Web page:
4 Questions to Ask When Choosing a Cloud Computing Provider

cloud computingMoving an aspect of your business—like email, payment processing, data storage, etc.—to the cloud can help you save money and streamline processes. As an added bonus, cloud service vendors can handle administrative tasks like security, maintenance, backup and support, allowing you to focus on the day-to-day operations.

However, with so many cloud computing solutions and vendors to choose from, it’s hard to know what to look for.

To ensure the process goes smoothly and that you choose the right provider, it’s important to ask yourself the following questions:

  1. What’s the vendor’s track record? Before landing on a cloud solution, it’s important to consider the vendor’s reputation. In general, it’s best to find a company that has been in business for a fair amount of time and has a good history of service.
  2. What are the vendor’s capabilities? After understanding what you are looking for in a cloud computing solution, it’s critical that your vendor can meet your needs. Your provider should be able to implement your desired solution on day one and have the expertise to continually offer new ways to adapt to changing markets.
  3. What’s their pricing? A vendor may have everything you need, but could end up being out of budget. Determine a realistic amount you’re willing to pay for cloud services and compare that number to your options. It’s also important to only pay for what you use. Don’t be afraid to renegotiate if a company wants you to pay for extra bells and whistles you don’t need.
  4. Is my data safe? In an age where cyber crime is common and proprietary data can be lost with the click of the mouse, security is key. When researching vendors, ensure that you know the location of their data centres and what precautionary measures they have in place to prevent a hack. If possible, consult an expert to see if a prospective vendor is compliant with all applicable industry security standards.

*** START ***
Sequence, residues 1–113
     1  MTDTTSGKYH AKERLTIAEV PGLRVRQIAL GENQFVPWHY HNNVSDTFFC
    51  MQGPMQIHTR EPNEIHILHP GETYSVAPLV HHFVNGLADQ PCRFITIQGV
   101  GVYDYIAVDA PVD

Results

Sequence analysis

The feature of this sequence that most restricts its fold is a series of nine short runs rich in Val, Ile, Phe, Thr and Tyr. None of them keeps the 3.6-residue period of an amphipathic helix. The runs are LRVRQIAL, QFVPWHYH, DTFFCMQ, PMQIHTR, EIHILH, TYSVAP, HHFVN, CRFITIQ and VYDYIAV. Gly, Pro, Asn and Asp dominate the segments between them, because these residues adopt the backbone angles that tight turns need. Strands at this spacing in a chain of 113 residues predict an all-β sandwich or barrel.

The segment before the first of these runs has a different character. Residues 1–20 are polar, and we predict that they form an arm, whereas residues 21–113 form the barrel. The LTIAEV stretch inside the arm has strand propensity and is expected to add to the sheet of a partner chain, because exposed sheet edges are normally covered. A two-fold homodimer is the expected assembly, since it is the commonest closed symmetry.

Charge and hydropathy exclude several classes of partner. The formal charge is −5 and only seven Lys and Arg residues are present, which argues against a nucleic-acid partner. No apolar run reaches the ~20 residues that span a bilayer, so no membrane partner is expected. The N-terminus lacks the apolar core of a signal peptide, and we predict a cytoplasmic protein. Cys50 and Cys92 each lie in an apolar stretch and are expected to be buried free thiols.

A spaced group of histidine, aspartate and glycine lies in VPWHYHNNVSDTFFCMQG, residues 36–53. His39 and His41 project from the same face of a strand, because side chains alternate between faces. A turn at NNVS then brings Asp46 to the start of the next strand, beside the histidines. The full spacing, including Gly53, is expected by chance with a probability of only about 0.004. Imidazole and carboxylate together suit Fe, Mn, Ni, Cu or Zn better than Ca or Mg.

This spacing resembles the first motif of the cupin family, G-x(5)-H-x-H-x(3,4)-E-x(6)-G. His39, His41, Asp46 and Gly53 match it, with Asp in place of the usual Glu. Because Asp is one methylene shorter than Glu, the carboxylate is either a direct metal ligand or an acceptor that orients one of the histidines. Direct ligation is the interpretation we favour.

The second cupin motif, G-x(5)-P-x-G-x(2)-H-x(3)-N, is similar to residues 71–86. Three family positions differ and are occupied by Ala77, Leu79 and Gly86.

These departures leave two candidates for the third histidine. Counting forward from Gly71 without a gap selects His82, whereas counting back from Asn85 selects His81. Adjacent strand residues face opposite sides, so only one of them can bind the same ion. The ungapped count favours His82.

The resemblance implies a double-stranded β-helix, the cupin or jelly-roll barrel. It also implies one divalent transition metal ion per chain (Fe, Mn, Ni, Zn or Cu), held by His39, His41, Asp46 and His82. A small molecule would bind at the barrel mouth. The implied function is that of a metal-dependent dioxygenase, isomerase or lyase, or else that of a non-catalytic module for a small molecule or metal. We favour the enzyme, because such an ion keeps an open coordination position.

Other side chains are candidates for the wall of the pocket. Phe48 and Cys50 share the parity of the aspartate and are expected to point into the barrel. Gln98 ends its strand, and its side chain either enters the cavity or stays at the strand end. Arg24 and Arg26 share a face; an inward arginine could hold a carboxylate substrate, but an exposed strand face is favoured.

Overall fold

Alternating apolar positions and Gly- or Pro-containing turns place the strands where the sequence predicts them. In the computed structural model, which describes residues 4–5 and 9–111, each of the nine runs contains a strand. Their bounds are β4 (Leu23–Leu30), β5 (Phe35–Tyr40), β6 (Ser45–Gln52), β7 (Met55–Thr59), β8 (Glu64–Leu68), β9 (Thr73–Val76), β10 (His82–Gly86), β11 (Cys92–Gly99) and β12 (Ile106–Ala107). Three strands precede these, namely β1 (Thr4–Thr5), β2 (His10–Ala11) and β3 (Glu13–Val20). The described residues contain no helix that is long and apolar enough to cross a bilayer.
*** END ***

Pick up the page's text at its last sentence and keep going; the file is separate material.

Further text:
Keeping in mind the above tips will ensure that, when the time is right to migrate your company’s data or processes to the cloud, you are prepared to choose a vendor that will help achieve your goals.

© Zywave, Inc. All rights reserved.

Global Spending on the Internet of Things May Reach $1.29 Trillion by 2020

Connect Planet Earth (Daylight)Today, there are more digitally connected devices than there are people on the planet. These immense networks are capable of supporting an array of applications—from the mundane to the sophisticated—and can help propel economic opportunities. This vast interconnected system of devices, vehicles and even buildings are all part of the Internet of Things (IoT)—and more and more businesses are investing in it.

According to the International Data Corporation (IDC), worldwide spending on the IoT will experience a growth rate of nearly 16 per cent, reaching $1.29 trillion by 2020.

According to the Worldwide Semiannual Internet of Things Spending Guide, spending is expected to be highest in the following three industries:

  1. Manufacturing ($178 billion)
  2. Transportation ($78 billion)
  3. Utilities ($69 billion)

The IDC reports that hardware, services and software will make up the majority of the investments. In general, modules and sensors that connect endpoints to networks will represent the bulk of hardware purchases. Things like telemetrics, health monitoring, smart home investments, and smart grids for oil and gas utilities are also major spending drivers.

While the IoT continues to change the way companies do business, each new device connected represents another potential point of access for criminals. In addition to the sheer number of connections available to hackers, the interconnectedness of IoT devices poses a new kind of threat. Accessing a single device could, in theory, give a criminal access to a person’s home, car, phone, work and many other smart systems.

To protect themselves, organizations must be proactive regarding their cyber security measures. And while cyber coverage is still in its infancy, the IoT will undoubtedly force the market to consider these new exposures as they develop.

© Zywave, Inc. All rights reserved.